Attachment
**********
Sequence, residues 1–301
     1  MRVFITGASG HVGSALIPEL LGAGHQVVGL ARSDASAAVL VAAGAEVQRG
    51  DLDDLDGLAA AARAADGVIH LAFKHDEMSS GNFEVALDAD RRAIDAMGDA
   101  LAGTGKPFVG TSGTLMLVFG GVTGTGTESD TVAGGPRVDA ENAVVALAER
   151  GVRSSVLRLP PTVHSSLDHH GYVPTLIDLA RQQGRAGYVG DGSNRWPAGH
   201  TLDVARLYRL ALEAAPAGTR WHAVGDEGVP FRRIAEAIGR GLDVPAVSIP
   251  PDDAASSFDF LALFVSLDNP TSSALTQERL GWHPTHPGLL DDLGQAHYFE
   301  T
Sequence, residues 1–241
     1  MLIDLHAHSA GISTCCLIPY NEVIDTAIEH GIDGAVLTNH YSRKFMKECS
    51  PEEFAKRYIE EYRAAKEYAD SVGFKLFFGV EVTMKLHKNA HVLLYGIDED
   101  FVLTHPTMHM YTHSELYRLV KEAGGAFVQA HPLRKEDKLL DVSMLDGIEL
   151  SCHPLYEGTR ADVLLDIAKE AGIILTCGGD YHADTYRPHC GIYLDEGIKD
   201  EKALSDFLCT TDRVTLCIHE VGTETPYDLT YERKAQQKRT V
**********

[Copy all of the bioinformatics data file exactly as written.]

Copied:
Sequence, residues 1–301
     1  MRVFITGASG HVGSALIPEL LGAGHQVVGL ARSDASAAVL VAAGAEVQRG
    51  DLDDLDGLAA AARAADGVIH LAFKHDEMSS GNFEVALDAD RRAIDAMGDA
   101  LAGTGKPFVG TSGTLMLVFG GVTGTGTESD TVAGGPRVDA ENAVVALAER
   151  GVRSSVLRLP PTVHSSLDHH GYVPTLIDLA RQQGRAGYVG DGSNRWPAGH
   201  TLDVARLYRL ALEAAPAGTR WHAVGDEGVP FRRIAEAIGR GLDVPAVSIP
   251  PDDAASSFDF LALFVSLDNP TSSALTQERL GWHPTHPGLL DDLGQAHYFE
   301  T
Sequence, residues 1–241
     1  MLIDLHAHSA GISTCCLIPY NEVIDTAIEH GIDGAVLTNH YSRKFMKECS
    51  PEEFAKRYIE EYRAAKEYAD SVGFKLFFGV EVTMKLHKNA HVLLYGIDED
   101  FVLTHPTMHM YTHSELYRLV KEAGGAFVQA HPLRKEDKLL DVSMLDGIEL
   151  SCHPLYEGTR ADVLLDIAKE AGIILTCGGD YHADTYRPHC GIYLDEGIKD
   201  EKALSDFLCT TDRVTLCIHE VGTETPYDLT YERKAQQKRT V